ARE VINTAGE; Going, Going ... Steinberg and Tolkien Was a Treasure Trove of Fashion History, Such as This Yellow Gown, on Sale at [Pounds Sterling]520 Steinberg Gems: Forties Red Crepe Dress, [Pounds Sterling]78; Sixties, Yellow Andre Courreges Suit, [Pounds Sterling]880; Peach Bias-Cut Gown from the Thirties, [Pounds Sterling]624; Seventies Maxi Dress by Ossie Clark, [Pounds Sterling]396
Byline: Karen Kay
OVER recent weeks, the great and the good of Planet Fashion have beenpaying their respects to one of the style greats of our time: Steinberg andTolkien on London's King's Road.
Stylists, designers, students and aesthetes have joined the pilgrimage to thetiny, iconic boutique that gave birth to the trend for vintage when it openedits doors 14 years ago.
Back then, second-hand clothes were derided. But how things have changed! Sincethen, stylish figures such as Kate Moss, Helena Christensen and Winona Ryderhave pushed the boundaries of fashion by experimenting with vintage pieces, andthe quest for a unique, antique style has gained incredible momentum.
Chelsea's Steinberg and Tolkien has been at the heart of the vintage movementwith its idiosyncratic take on the trend.
Yet as fashionistas from across the globe arrive in the capital for LondonFashion Week to celebrate the UK's style heritage, and in a season where retroremains a huge influence, this shop is about to close for good.
In a week's time, Steinberg and Tolkien, which was founded by mother anddaughter Anne Steinberg and Tracy Tolkien, will hang up the 'shut' sign on itssmall, black, shabbychic door for the last time.
'The staff were amazingly passionate, with a huge knowledge of the stock,' saysFunmi Odulate, author of Shopping For Vintage: The Definitive Guide To VintageFashion. 'Tracy, Anne and Mark [Tracy's brother] were pioneers: they didn'tlook at the catwalks and try to source stock to fit with trends, they just wentfor it with their own, unique vision.
'They found vintage pieces that looked contemporary, so you didn't look likeyou'd walked straight out of a period drama or a Seventies sitcom. That wastheir special touch.' FUNMI said she never went there in a hurry 'because youwould be in there for hours, drooling over some amazing piece from Chanel orOssie Clark. I'd usually buy an anonymous Eighties' belt for a tenner, but thatwas equally thrilling in its own way'.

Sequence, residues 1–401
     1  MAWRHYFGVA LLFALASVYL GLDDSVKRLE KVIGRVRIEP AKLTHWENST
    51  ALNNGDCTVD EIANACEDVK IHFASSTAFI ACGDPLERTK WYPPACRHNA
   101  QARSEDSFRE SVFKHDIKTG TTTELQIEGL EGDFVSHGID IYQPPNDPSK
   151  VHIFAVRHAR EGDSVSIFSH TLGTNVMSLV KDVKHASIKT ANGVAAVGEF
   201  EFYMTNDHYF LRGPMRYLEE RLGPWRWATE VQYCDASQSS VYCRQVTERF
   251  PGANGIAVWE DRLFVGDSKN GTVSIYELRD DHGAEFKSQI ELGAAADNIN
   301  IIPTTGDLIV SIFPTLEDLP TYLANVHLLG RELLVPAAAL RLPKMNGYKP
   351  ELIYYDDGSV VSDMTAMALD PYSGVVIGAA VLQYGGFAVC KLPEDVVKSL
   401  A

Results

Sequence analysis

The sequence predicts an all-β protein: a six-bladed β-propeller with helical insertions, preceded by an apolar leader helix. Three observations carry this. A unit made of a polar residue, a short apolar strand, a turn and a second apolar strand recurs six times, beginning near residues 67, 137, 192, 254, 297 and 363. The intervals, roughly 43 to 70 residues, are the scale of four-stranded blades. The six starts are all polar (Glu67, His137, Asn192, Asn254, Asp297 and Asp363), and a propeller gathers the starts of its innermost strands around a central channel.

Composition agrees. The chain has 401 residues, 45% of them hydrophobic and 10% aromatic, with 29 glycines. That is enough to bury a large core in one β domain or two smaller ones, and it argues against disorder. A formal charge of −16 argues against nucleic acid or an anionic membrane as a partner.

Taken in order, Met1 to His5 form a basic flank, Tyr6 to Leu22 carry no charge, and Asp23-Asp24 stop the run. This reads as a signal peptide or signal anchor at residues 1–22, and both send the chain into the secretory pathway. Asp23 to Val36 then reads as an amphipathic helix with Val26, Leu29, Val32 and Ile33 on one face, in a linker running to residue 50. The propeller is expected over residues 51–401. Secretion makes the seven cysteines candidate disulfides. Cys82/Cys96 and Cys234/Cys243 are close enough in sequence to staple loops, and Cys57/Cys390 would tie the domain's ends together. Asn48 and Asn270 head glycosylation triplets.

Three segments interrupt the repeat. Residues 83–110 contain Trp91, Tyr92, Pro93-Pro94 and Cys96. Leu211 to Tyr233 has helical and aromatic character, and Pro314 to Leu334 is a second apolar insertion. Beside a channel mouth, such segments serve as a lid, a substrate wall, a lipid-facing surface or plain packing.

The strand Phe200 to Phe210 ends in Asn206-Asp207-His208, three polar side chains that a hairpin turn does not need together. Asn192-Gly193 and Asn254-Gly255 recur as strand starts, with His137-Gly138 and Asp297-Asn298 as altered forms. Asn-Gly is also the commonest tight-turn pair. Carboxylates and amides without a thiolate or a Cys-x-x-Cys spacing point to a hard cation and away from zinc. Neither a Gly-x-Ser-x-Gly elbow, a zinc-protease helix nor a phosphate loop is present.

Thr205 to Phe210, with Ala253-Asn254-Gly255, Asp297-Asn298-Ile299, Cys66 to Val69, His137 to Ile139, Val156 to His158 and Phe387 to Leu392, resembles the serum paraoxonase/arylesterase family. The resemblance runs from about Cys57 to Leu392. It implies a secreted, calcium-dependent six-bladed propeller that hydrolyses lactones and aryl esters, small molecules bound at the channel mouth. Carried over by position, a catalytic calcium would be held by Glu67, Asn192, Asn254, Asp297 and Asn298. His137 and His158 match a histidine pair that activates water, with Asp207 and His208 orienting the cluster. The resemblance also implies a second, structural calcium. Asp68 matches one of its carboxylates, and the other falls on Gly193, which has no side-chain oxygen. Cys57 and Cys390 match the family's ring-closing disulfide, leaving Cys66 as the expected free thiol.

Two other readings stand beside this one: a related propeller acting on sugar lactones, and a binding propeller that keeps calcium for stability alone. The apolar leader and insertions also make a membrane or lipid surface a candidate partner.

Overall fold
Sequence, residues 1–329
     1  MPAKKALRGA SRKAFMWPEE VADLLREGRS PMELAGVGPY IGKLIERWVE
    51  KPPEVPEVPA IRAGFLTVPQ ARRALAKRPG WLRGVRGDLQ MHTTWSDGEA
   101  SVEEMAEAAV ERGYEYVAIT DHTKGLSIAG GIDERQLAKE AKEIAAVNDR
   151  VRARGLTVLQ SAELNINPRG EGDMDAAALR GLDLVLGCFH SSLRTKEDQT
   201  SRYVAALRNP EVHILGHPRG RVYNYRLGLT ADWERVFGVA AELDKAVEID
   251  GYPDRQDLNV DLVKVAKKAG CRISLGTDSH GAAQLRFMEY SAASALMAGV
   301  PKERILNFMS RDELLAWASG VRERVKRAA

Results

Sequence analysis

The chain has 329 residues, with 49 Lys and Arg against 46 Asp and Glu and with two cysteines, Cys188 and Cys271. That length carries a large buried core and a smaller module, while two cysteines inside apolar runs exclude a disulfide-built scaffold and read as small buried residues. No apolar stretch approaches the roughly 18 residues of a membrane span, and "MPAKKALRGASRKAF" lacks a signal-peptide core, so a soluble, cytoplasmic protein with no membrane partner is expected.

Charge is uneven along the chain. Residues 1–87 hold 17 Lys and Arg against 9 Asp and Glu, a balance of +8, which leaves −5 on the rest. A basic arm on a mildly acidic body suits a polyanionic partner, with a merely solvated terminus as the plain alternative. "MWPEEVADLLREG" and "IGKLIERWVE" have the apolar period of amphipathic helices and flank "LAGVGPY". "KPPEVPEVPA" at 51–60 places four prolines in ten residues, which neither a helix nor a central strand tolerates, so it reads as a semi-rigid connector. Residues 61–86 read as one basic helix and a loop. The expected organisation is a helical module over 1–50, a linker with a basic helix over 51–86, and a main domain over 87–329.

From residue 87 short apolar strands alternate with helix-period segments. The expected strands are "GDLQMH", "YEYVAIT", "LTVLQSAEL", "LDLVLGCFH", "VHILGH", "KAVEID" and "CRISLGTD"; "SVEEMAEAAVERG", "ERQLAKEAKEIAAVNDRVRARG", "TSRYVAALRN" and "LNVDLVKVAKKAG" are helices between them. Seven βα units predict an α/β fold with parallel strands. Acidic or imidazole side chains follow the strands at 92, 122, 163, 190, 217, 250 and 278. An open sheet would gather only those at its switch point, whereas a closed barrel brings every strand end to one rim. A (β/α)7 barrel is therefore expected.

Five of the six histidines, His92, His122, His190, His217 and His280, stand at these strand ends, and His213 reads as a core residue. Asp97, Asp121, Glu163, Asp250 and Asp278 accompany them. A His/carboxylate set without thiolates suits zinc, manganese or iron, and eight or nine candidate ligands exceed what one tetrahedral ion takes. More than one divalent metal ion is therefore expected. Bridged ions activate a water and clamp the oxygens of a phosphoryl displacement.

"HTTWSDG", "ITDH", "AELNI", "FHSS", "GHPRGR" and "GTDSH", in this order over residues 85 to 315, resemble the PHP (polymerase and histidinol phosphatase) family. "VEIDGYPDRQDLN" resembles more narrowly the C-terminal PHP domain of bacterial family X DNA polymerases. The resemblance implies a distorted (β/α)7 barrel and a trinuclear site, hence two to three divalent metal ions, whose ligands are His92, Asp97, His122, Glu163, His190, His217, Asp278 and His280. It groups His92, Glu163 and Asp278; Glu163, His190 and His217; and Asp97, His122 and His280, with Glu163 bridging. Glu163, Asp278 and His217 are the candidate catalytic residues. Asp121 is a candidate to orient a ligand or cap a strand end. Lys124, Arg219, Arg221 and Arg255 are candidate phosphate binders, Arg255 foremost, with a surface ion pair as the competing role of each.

So, if people loved the store so much, why is it closing? Vogue magazine'sfashion director Harriet Quick believes it has been a victim of its ownsuccess. 'It spawned a huge interest in vintage that didn't exist before itcame into being and it may have suffered as a result.
Other vintage stores and eBay have since
opened and made sourcing such clothes more competitive.
The shop has been hugely influential. Its sold a well-chosen selection ofstock, from nameless hippy fur waistcoats to exquisite Christian Dior cocktaildresses which has been represented in the price range.
I once bought a Loewe handbag there and an Yves Saint Laurent blouse, and wasthrilled with them. Once, vintage was taboo; now its all about individualityand an expression of personality. Designer Sara Berman, now a creative directorat N. Peal Cashmere, recalls heading there aged 18. I bought a beautiful beadedhandbag soon after I started as a fashion student at St Martins, she says.
It was investment vintage rather than the shabbier styles youd unearth on thePortobello Road. I couldnt really afford it, but I couldnt leave it there.
STEINBERG was filled with exquisite treasures that you couldnt help but covet,she continues. You could treat it as the most fabulous dressing-up box. Itwasnt just a shop; it was an experience. Itll be greatly missed and is thepassing of an era. Its so sad that such an institution will no longer bearound, agrees designer Ann Louise Roswald. I once went there for some vintagegloves, and found some wonderfully glamorous Fifties satin ones after rummagingin the baskets.
I got a glove-maker to replicate them in white, because they were a bit grubby,but it made sourcing authentic style easy. …